A Funny Thing Happened on the Way to the 20th Century

First of all I want to thank everyone for keeping the level of this virtual conversation so high and so philosophically minded. Now that we have opened up a discussion about Science and Spirituality I would like to add a little more historical context to frame it.

During the time of the Middle Ages Christianity grew and fought to become the dominant worldview in the Western World.  That means that the vast majority of people believed that the Bible contained an infallible recording of the Truth as God presented it to humanity. No matter what you felt about it, no matter what you thought about it, the fact always remained that what the Bible said was the ultimate Truth that described Reality.

Then in the 17th Century the Western Enlightenment erupted. The scientific and philosophical thinkers of that age began to realize that the human mind had the power to understand reality. These great thinkers began to uncover a natural order that was governed by unchangeable laws and their success led to miraculous discoveries and achievements.

Still, during this time and on into the 18th and 19th centuries, most of the Enlightenment thinkers still believed in God, but the nature of that belief changed and gave birth to Liberal Theology. The Bible was increasingly seen not as the literal word of God flawlessly recorded by the prophets (Old Testament) and the Apostles (New Testament), but now was seen as an interpretation of God’s word as created by these great figures. The Bible was then not something to be taken literally, but to be continually studied and reinterpreted so that the essential wisdom contained in the words could be distilled out.

As Science continued to triumph another interpretation of traditional religious views took a strong hold. This was Natural Theology. In Natural Theology there remained a belief in God, but now God was seen as the initiator of a mechanical process. God was the clock-maker, but once he/she wound the clock up it continued to operate with no need of further intervention. Deism was an 18th century form of faith that held this view, and most of America’s founders were Deists. What Natural Theology allowed for was a belief in God that could be completely severed from Christian dogma.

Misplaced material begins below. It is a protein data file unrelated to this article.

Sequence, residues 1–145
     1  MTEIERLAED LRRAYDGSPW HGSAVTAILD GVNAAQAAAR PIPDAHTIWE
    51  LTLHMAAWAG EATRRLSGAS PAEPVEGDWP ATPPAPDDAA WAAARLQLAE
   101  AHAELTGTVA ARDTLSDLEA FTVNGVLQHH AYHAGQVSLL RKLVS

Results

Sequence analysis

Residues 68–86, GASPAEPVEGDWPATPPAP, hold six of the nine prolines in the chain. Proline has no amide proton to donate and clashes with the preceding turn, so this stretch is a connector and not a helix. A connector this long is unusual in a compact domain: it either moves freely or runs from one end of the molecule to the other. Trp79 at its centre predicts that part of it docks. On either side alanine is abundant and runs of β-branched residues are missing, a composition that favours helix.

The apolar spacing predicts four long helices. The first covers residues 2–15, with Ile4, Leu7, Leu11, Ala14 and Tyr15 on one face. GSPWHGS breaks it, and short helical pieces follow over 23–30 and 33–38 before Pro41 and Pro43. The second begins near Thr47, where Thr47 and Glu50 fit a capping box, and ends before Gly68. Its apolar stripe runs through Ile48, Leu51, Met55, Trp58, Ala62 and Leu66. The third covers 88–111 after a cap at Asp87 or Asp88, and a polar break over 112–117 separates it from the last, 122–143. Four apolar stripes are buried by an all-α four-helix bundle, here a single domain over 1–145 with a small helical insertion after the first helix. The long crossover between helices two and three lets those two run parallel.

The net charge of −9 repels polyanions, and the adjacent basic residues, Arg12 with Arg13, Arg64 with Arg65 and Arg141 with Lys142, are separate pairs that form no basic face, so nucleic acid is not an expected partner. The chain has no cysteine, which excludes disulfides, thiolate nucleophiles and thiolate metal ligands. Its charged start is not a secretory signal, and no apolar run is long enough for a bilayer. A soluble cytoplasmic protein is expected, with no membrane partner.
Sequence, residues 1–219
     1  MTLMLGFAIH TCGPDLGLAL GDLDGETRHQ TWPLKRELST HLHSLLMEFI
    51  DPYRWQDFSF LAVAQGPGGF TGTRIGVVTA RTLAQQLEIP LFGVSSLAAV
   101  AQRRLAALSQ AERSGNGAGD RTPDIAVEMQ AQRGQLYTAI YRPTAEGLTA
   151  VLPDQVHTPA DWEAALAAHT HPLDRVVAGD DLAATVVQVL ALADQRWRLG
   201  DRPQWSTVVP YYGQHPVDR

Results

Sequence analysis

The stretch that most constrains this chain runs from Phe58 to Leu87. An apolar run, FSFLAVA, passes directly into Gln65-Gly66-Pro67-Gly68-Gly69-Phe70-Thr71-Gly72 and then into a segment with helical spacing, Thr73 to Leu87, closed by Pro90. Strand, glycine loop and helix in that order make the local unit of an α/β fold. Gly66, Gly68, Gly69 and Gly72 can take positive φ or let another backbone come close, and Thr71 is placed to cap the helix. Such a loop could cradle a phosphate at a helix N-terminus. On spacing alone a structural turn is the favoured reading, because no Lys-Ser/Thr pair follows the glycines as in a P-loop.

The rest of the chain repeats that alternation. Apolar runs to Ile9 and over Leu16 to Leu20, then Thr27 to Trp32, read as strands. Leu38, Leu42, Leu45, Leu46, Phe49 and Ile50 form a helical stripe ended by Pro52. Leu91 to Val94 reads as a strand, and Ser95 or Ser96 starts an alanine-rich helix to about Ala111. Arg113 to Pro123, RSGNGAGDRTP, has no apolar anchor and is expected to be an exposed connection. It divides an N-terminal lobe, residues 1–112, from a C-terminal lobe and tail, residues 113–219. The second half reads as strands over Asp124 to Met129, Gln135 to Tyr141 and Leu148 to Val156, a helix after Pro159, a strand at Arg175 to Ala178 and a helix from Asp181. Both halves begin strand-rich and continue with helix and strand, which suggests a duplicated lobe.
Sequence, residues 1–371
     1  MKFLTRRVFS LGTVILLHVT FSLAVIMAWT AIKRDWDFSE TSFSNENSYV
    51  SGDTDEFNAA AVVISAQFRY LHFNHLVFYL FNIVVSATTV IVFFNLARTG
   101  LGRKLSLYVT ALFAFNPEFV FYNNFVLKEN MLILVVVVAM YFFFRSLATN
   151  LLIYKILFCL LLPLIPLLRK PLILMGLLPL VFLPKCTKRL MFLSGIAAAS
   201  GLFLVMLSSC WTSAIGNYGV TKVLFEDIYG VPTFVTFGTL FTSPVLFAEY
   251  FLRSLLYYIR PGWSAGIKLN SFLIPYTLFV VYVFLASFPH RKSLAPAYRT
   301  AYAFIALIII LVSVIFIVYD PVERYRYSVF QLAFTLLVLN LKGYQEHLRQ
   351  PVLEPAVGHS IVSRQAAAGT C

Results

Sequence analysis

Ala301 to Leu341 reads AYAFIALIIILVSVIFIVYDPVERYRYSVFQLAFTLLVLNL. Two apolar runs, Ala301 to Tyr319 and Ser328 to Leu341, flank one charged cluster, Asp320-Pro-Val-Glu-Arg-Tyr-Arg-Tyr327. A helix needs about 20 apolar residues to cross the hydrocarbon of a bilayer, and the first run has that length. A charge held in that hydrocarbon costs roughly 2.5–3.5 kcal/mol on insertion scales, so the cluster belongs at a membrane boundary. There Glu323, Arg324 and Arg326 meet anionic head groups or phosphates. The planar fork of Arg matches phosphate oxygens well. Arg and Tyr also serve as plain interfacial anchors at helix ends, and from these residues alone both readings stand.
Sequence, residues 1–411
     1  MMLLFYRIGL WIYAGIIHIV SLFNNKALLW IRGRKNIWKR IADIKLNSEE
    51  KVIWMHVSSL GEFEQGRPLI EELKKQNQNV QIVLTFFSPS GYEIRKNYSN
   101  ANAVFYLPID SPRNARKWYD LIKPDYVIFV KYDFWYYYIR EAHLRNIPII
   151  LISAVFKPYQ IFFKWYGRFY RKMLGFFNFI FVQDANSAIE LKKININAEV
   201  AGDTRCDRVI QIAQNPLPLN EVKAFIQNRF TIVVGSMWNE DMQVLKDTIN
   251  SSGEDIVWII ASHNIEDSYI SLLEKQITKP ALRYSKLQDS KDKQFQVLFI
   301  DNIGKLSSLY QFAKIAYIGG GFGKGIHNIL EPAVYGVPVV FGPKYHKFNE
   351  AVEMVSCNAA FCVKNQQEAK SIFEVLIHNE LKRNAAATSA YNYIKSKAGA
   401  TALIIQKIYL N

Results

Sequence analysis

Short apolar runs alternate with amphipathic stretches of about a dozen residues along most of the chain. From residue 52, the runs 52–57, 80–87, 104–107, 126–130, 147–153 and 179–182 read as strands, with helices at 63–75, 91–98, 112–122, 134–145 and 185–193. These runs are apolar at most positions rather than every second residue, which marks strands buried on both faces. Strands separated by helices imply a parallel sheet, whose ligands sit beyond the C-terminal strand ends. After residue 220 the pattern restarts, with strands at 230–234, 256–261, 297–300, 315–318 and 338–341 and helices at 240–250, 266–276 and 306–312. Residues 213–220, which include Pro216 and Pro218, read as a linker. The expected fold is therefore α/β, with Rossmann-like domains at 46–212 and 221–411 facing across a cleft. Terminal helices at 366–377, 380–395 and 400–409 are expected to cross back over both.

Then a funny thing happened on the way to the 20th Century – Charles Darwin published ”On the Origin of Species.” Evolution was discussed long before Darwin, but it never threatened the belief in God like it did afterward. Prior to Darwin, no matter how cleverly science could explain the workings of natural law there remained a need for a Creator that had created this miraculous world.  If you look at the vast complexity and interconnectivity of our living world – not to mention our own human form – there is no way to imagine that it just appeared here this way. Just like if you pick up a wristwatch on the beach, you would never assume that it just appeared there, someone obviously made it. So to with our world, someone obviously made it and that someone was God.

But Darwin punched a big hole in that idea because he devised an understanding of the mechanism of evolution through Natural Selection that could explain how we and our world could have been created as a consequence of the need to survive and the occurrence of chance variations in Nature. This explanation was based only on simple observable “natural laws” that required no outside intelligence to guide them – and it has held up (with some modification) for over 150 years!

In our modern times Darwin’s theory of evolution frames the Science vs. Spirituality debate. In 1925 the “Scope’s Monkey Trial” pitted believers against evolutionists and although the believers won the trial, the debate cranked up the argument into high gear. American Fundamentalism with its insistence on a literal interpretation of the Bible galvanized around the issue of evolution. And in response many in the scientific community veered steadily toward an increasingly materialistic and deterministic worldview.

Is there a higher intelligence than the human ability to reason in the Universe? Is there a purpose driving the process of cosmic evolution? To my mind these are the questions upon which the debate of Science vs. Spirituality rests today. Spirituality if it means anything means a belief and alignment with a universal purpose. Whether it be in a traditional religious context or not, spirituality is an appeal to some higher intelligence, not necessarily one that is separate and apart from human intelligence, but one at least that transcends (while including) our normal faculty for reason and understanding.